#11 - JRL 7246
Russia protests at U.S. envoy's comments on Saddam
By Jeremy Page
MOSCOW, July 13 (Reuters) - Russia protested on Sunday over suggestions by the U.S. ambassador to Moscow that it was not cooperating in the hunt for Saddam Hussein in the second day of a frosty standoff over Iraq between the Cold War-era rivals.
U.S. Ambassador Alexander Vershbow said on Saturday Washington could not guarantee the safety of Russia's embassy in Baghdad as it did not regard the staff as diplomats, prompting an angry response from Moscow.
In an interview with Interfax news agency, Vershbow was also quoted as saying Washington wanted Russia to give it information on the whereabouts of Saddam, his sons and supporters.
"We don't know what information Russia has, and which sources of information may be available to Russia, but we hope that as our cooperation develops, Russia will give us such information if it finds it," he was quoted as saying.
Russian Foreign Ministry spokesman Alexander Yakovenko said Vershbow's comments implied Moscow was not sharing intelligence with Washington, Interfax and RIA news agencies reported.
"The ambassador should realise that the level of partnership reached between Russia and the U.S.A. is characterised by the presence of reliable channels of dialogue and the exchange of intelligence, including confidential intelligence, and that to address us on this subject through the media is inappropriate," they quoted him as saying on Sunday.
U.S. embassy officials were not immediately available for comment.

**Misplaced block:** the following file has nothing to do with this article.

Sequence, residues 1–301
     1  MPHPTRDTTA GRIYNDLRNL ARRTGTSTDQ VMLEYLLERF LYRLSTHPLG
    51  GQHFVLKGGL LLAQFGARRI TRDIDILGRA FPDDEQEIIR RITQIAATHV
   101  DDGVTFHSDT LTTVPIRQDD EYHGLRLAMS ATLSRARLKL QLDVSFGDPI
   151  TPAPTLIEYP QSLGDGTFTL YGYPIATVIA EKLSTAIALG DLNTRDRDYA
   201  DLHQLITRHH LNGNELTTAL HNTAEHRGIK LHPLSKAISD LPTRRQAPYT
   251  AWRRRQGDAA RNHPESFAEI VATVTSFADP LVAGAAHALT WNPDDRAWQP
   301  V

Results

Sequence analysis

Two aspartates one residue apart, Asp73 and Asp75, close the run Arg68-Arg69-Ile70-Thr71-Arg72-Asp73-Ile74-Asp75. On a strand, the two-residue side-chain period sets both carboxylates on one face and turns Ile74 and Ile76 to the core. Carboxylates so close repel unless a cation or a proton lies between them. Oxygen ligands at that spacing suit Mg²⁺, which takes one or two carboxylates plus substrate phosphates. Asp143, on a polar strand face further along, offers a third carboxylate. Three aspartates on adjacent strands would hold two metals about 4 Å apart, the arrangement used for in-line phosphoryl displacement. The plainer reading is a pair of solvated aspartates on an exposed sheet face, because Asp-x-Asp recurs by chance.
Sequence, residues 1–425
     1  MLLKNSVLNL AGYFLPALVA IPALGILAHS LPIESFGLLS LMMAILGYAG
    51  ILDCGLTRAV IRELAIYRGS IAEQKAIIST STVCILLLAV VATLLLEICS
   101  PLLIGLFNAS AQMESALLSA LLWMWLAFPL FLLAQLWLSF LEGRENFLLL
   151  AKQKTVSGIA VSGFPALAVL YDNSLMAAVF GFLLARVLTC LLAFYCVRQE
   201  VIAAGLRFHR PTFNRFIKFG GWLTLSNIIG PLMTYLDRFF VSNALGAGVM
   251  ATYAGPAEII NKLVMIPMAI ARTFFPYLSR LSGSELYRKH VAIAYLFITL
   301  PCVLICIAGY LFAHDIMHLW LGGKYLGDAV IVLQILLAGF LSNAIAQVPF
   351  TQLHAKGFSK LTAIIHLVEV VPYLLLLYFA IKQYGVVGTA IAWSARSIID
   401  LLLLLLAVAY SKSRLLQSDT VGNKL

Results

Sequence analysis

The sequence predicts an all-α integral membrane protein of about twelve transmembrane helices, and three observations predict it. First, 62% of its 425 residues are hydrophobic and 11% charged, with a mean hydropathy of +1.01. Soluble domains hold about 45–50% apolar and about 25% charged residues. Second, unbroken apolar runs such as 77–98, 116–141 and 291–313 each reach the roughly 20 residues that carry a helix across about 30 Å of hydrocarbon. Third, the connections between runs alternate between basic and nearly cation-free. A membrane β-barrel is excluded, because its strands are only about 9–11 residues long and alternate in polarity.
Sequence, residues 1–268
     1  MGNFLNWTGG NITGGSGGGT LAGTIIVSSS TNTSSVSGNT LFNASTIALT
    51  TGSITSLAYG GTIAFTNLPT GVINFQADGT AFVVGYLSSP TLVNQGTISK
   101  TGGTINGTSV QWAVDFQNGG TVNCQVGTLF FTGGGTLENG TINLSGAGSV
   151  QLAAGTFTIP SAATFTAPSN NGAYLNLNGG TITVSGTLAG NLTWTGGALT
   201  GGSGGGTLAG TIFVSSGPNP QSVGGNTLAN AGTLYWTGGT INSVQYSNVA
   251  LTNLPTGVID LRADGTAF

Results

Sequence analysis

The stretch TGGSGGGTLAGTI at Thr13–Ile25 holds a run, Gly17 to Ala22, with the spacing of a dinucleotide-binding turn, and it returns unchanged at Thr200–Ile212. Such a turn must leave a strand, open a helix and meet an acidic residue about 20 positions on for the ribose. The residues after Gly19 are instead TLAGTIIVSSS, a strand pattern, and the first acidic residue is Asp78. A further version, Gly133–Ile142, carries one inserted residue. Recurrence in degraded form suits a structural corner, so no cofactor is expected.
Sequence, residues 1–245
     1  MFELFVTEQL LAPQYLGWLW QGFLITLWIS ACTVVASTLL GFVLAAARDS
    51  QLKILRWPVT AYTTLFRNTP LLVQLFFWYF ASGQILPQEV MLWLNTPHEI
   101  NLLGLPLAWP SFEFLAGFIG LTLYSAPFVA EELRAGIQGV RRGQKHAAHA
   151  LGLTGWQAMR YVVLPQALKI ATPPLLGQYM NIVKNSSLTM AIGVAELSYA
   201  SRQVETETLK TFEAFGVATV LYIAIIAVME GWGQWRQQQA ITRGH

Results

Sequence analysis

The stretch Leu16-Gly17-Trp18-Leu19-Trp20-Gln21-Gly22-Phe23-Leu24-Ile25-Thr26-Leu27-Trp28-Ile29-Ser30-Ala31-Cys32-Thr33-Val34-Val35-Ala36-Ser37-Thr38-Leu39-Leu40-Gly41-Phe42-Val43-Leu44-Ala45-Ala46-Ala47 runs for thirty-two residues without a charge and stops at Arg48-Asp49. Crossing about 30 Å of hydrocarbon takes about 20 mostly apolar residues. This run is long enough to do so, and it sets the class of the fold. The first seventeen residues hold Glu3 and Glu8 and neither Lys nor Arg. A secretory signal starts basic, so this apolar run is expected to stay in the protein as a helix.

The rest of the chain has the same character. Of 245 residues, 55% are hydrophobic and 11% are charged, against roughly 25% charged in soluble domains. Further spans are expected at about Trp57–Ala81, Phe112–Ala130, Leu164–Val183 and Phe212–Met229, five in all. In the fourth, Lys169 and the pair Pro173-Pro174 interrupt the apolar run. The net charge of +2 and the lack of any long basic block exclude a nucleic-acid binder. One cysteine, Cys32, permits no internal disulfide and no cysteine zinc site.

DIFFERENCES OVER THE WAR
Russia opposed the U.S.-led war on Iraq but Moscow and Washington have since publicly put aside their differences over the war, saying bilateral ties were not damaged.
However, RIA said Yakovenko repeated Russia's position that the United Nations should oversee the reconstruction of Iraq.
"As we have told our U.S. partners on more than one occasion, this process would be assisted by bringing it as quickly as possible under the aegis of the U.N.,"
In comments broadcast on state television on Saturday, Yakovenko said Washington was obliged to grant diplomatic immunity to its Baghdad embassy staff under international law.
Vershbow said the United States considered it "unwise" for diplomats to set up missions in Baghdad because there was no Iraqi government to grant diplomatic privileges.
A U.S.-backed Iraqi Governing Council held its inaugural meeting on Sunday, filling a power vacuum after the fall of Saddam on April 9.
Russia's mission in Baghdad was the focus of several rows between Moscow and Washington during the war. Moscow protested against air strikes near its mission and later accused U.S. forces of firing on a diplomatic convoy leaving Iraq.
Russia, whose economic ties with Iraq date back to the Cold War era of superpower rivalry between the United States and the Soviet Union, was one of few countries not to have closed its embassy during the war in Iraq.